TORONTO – The Rays completed the last of their 1,506 innings of the regular season on Sunday. Only a small percentage were memorable, but almost every one of them was meaningful.
That’s the legitimacy of a baseball season. Officially it sorts out the winners and losers, but realistically it is a high-wire endurance test. One bad month, one bad week, even one bad game can do you in.
Not everything that happened to the Rays in 2019 was worth pressing in a scrapbook, but each step became part of the journey with its own consequences and rewards.
“Every team in the postseason is incredibly talented and has achieved a lot to get to this point,’’ general manager Erik Neander said. “Speaking specifically for our group, this has been a battle of attrition to reach this point. The number of players used, the adversity faced to continue to stay in this and be able to compete, it hardens you up.’’
With that in mind, and with a one-game playoff looming in Oakland on Wednesday, here are five notable moments, some on-field and some off, that helped shape who the Tampa Bay Rays are today.
1. The phone call: His stock had seriously dipped in most prospect rankings in 2017, he was traded by Pittsburgh in the summer of 2018, and the Rays kept him in Durham until the season’s final two weeks.
If Austin Meadows was feeling uneasy about his role in Tampa Bay for 2019, that was put to rest by manager Kevin Cash even before spring training began. Meadows was on a boat fishing for bass with a friend when he got a call from Cash in February. The message? You’ve already made the team.
“That was big for me because it allowed me to come to spring training and relax,’’ Meadows said. “I appreciated it at the time, but now I really think it helped me to have the year that I’ve had.’’
2. The disaster that was a blessing: Within roughly 24 hours of each other, catchers Michael Perez and Mike Zunino both went down with muscle pulls in early May. At the time, Nick Ciuffo was the only other catcher on the 40-man roster so the front office began making calls.
The Dodgers, who had just signed Travis d’Arnaud as a third catcher, agreed to send him to Tampa Bay for $100,000. Having just been released by the Mets a week earlier, d’Arnaud was a little unnerved when manager Dave Roberts approached him.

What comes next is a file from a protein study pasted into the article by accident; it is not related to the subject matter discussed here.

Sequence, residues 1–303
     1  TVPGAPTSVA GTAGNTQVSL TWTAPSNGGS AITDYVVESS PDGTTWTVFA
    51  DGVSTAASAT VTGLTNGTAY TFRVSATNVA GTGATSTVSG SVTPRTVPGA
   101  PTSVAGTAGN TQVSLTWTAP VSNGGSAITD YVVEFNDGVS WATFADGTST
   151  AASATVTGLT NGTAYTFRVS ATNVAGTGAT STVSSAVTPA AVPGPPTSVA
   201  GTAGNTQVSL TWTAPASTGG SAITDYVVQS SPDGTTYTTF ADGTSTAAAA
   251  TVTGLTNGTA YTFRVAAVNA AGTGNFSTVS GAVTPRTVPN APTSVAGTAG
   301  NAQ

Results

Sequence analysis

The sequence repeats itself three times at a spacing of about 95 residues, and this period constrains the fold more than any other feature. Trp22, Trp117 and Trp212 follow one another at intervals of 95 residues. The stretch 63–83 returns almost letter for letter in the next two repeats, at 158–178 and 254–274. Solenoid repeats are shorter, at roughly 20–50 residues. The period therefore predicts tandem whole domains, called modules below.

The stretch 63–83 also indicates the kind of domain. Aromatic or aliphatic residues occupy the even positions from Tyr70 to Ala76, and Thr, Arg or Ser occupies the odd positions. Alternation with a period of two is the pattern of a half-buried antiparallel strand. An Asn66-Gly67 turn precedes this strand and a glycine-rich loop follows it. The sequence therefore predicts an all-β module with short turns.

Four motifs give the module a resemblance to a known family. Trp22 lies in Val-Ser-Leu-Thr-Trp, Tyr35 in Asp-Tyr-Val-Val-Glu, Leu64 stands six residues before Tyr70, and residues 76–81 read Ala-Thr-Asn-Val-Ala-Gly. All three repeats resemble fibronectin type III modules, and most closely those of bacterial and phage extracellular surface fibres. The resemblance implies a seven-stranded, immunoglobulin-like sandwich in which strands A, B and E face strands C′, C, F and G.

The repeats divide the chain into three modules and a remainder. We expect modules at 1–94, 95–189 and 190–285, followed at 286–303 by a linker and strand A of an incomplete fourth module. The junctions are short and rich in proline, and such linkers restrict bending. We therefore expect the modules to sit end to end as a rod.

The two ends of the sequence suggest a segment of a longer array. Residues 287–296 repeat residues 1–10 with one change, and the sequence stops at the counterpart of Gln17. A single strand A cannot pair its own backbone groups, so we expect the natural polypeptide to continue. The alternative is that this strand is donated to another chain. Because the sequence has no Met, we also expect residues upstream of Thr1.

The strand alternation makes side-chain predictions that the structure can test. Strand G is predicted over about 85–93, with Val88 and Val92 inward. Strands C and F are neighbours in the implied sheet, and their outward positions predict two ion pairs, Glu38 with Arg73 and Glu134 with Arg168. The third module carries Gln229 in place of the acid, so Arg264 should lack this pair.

“I was in the cage getting ready to hit and Dave Roberts came and grabbed me and said we needed to talk,’’ d’Arnaud recalled. “I thought, “Oh s---, what is this?’’’
Stuck in a traffic jam, d’Arnaud missed a 7:30 flight so he went to a sports bar and watched the Rays play the Yankees on TV before catching a redeye to Tampa Bay and taking a nap in the clubhouse.
Over the next five months, he became the Rays most clutch hitter, leading the team with an RBI every 4.9 at-bats.
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3. The arrival: The bullpen was on the verge of collapse when the front office acquired Nick Anderson from the Marlins on July 31. At that point, the Rays were a dismal 11-14 in one-run games.
Anderson didn’t just give the Rays innings and strikeouts, he also gave them more confidence in tight games. The rookie went 3-0 with a 2.11 ERA and 41 strikeouts in 21.1 innings.
By the way, the Rays were 12-2 in one-run games after his arrival.
“We knew he was really good, but you’re talking about a first-year player, 29-years-old, had a pretty unique career path. I don’t think anybody said he’d be this dominant,’’ Cash said. “But he’s become all of those things.’’
4. The showdown: The Rays were trailing the Indians by 2.5 games in the wild card race when Cleveland came to Tropicana Field on Aug. 29. Tampa Bay’s starting rotation was going on fumes, and the Friday night pitching matchup did not look promising. Cleveland was using Shane Bieber, who was 12-6 with a 3.23 ERA. The Rays had Austin Pruitt, with a 5.57 ERA, coming out of the bullpen for his first start.
Pruitt pitched his heart out, matching Bieber zero for zero into the sixth. The Rays broke through in the seventh, and won 4-0. Two days later, they had swept the Indians and moved past them in the wild card standings.
5. The comeback: A critical road trip was in danger of ending with a third consecutive loss on Sept. 18 in Los Angeles. The Dodgers were beating the Rays 6-4 in the ninth with closer Kenley Jansen on the mound when Ji-Man Choi delivered an RBI single and d’Arnaud tied it with a sacrifice fly.
Two innings later, Meadows hit a home run and Tampa Bay won 8-7.
It began a stretch of seven victories in eight games – including four in extra-innings – that culminated with a playoff-clinching victory at Toronto on Sept. 27.
John Romano can be reached at firstname.lastname@example.org. Follow @romano_tbtimes.